Michigan’s Minimum Wage Laws Explained

All small business owners know that the key to success is planning. A solid SMB strategy means projecting labor needs and labor costs ahead of time, so you have a clear budget and know when you’ll need to pull in more revenue to cover your expenses. 

One major factor in controlling labor costs is properly implementing minimum wage laws. However, Michigan’s minimum wage is constantly changing — leaving businesses scrambling to keep up. 

Right now, the Michigan minimum wage is increasing every year, on a set schedule, in line with the Improved Workforce Opportunity Wage Act.* But things may change. There are lawsuits happening right now looking to adapt the wage rate and timetable currently set. What’s more, the wage-increase schedule is tied to Michigan’s unemployment rate — so if unemployment is high, planned increases may not happen. 

It’s a lot to keep up with — which is why we wrote this article to make things clear. We’ll explain everything Michigan small business owners need to know about the state’s current minimum wage laws and upcoming changes, so you can plan ahead and stay compliant. 

*Improved Workforce Opportunity Wage Act, 2018

Minimum wage in Michigan: Everything you need to know

Whether you run a restaurant in Ann Arbor, a boutique in Traverse City, or an agency in Detroit, this guide has you covered. We’ll go through all the key information so you can feel confident you’re complying with minimum wage regulations — and get ready for proposed increases. 

Michigan’s current minimum wage rate

As of January 1, 2024, Michigan’s current minimum wage is $10.33 per hour, increased from $10.10 in 2023. This applies to most non-tipped workers. 

“Tipped workers” are employees who regularly receive gratuities, like bar staff, servers, and hairdressers. Michigan minimum wage in 2024 for tipped workers is $3.93. However, business owners need to make sure that the base wage plus gratuities add up to at least the standard minimum wage of $10.33. If the total is less than that, the employer must make up the shortfall.

Exceptions to minimum wage

Under Michigan law, minimum wage rules apply to all adult workers 18 years or older, employed by a business that has two or more employees.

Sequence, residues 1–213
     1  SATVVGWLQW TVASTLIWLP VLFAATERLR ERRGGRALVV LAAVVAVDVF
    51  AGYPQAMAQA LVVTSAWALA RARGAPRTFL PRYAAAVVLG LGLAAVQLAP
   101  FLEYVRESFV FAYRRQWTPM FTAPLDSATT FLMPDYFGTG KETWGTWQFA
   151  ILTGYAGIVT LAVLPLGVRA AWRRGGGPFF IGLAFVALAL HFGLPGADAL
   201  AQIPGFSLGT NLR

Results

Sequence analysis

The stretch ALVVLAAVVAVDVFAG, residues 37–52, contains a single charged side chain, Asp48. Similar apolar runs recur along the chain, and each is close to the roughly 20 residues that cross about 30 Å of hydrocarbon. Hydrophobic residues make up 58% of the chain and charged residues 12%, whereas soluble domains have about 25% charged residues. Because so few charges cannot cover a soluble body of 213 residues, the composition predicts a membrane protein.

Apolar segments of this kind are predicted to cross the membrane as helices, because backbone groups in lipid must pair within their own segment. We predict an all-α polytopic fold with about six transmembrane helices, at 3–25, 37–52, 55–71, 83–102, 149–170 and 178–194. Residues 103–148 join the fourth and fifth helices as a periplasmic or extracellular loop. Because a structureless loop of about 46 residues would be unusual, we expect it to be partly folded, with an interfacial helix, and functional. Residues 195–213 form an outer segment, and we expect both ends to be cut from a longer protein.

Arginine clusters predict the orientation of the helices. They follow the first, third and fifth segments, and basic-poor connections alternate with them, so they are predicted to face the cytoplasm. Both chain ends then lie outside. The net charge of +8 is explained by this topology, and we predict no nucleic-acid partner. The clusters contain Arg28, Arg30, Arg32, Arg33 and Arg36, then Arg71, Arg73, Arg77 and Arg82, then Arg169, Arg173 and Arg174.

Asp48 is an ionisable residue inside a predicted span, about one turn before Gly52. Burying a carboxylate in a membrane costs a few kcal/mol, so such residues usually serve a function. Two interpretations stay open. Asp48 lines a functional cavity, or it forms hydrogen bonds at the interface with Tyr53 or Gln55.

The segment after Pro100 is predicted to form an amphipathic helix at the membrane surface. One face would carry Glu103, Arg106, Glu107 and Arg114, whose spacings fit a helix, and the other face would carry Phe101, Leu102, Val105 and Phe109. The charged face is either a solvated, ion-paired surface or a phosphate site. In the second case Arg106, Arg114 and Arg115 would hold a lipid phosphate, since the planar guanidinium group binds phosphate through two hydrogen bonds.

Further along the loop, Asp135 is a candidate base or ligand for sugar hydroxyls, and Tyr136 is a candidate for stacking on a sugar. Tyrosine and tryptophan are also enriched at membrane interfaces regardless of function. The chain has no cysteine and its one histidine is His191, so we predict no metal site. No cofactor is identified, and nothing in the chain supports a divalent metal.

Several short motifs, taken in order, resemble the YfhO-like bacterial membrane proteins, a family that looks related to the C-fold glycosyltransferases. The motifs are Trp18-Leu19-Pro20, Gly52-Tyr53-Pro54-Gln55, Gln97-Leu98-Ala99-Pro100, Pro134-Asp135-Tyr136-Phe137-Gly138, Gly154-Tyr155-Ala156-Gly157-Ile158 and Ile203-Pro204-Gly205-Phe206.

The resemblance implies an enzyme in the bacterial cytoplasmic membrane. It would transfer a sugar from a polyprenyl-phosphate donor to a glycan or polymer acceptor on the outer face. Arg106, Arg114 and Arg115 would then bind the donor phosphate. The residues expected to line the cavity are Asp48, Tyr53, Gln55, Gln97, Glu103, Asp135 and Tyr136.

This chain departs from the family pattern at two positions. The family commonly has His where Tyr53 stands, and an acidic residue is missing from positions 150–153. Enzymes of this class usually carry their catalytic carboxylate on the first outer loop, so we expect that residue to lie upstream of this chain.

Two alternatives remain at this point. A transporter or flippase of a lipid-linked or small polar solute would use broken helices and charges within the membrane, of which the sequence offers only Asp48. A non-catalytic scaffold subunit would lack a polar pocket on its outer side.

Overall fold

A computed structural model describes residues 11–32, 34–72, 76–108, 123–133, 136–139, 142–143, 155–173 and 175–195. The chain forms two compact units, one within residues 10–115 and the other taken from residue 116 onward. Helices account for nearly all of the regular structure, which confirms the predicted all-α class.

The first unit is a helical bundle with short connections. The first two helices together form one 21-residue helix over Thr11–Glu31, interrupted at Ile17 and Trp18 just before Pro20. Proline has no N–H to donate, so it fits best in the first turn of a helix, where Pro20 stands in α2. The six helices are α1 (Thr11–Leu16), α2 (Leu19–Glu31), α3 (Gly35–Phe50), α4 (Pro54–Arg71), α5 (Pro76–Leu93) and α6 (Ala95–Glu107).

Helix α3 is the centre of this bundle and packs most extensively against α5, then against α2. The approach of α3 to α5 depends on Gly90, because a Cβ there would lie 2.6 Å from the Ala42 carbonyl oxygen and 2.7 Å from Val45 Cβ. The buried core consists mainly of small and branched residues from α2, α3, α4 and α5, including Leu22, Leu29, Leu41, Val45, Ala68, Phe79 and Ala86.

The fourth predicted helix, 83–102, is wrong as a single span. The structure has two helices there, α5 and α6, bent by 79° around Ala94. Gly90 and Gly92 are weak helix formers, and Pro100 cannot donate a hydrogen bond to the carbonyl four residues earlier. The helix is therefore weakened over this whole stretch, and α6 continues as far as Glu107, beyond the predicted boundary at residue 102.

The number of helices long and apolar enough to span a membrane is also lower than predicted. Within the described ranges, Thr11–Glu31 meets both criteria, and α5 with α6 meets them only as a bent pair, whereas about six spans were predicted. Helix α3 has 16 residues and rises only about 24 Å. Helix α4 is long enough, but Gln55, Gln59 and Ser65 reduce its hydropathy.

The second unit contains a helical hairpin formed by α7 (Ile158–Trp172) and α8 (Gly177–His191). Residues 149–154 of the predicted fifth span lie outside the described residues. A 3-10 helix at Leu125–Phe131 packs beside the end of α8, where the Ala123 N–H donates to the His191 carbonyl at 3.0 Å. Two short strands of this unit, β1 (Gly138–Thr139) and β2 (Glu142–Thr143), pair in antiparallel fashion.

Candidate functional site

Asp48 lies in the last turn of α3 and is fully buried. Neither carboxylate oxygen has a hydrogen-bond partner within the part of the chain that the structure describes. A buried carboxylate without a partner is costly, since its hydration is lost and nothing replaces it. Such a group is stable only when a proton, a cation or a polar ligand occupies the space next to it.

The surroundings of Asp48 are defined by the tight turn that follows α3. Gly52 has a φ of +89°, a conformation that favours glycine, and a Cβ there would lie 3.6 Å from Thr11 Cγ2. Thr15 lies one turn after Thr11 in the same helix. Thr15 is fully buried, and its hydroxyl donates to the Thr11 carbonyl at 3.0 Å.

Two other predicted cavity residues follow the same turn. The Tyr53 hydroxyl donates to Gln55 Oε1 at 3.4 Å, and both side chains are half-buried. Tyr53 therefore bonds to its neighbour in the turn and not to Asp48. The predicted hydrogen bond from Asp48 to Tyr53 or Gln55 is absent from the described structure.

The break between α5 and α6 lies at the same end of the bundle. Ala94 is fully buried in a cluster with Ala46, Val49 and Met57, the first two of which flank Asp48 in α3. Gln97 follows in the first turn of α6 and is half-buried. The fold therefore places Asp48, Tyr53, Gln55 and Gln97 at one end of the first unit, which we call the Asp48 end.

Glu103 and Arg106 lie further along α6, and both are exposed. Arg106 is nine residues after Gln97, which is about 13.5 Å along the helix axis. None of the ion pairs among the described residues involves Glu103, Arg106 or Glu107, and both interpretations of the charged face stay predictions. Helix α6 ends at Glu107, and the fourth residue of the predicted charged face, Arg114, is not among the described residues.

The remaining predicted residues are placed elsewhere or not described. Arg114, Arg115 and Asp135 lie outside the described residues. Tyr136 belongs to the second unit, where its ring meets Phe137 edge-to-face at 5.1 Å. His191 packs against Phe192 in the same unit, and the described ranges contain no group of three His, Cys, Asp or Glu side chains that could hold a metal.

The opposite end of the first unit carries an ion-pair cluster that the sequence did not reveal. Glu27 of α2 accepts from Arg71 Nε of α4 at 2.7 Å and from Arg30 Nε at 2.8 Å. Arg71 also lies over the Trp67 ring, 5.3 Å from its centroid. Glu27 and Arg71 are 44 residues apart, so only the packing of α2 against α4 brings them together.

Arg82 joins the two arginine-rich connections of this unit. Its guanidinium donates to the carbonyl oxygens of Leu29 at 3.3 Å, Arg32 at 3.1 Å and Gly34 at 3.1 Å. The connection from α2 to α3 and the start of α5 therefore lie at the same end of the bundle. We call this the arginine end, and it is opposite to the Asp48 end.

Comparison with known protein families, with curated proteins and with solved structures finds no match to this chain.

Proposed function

However, minors who are 16–17 years old can be paid 85% of the current minimum wage, which works out at $8.78 for 2024.

Employers can also pay a lower training wage of $4.25 per hour to newly-hired employees aged between 16–19 for their first 90 days.

5 steps to sure your small business complies with Michigan’s minimum wage requirements 

Keeping up with minimum wage compliance regulations might seem overwhelming. We’ve broken it down into 5 key steps you can follow to feel confident you’re not missing anything.

  1. Step 1: Update payroll systems, compensation models, and starting employee agreements to make sure they comply with the current minimum wage. Tools like Homebase can automate this process for you, so you can feel confident your calculations are compliant. 
  1. Step 2: Print and display updated workplace posters whenever minimum wages shift. This will make sure your people know the current wage laws. Keep digital copies as well for your records.
  1. Step 3: Prepare for changes to your overtime pay and policy. You’ll need to pay staff members who work more than 40 hours in a single week 1.5 times their regular hourly rate. That means overtime costs increase in line with the minimum wage — overtime minimum wage in 2024 works out at $15.49 per extra hour worked.

As well as making sure you pay overtime correctly, you’ll want to consider how increased overtime rates affect your labor cost budget. You may want to cut down on unplanned overtime, which is where Homebase’s time clock can come in handy, to alert you when employees are about to go into overtime based on their hours worked. 

You’ll also want to check for exceptions to overtime policy, to see if you’re covered. For example, agricultural workers and workers at amusement parks and other recreational businesses open less than 7 months of the year are exempt.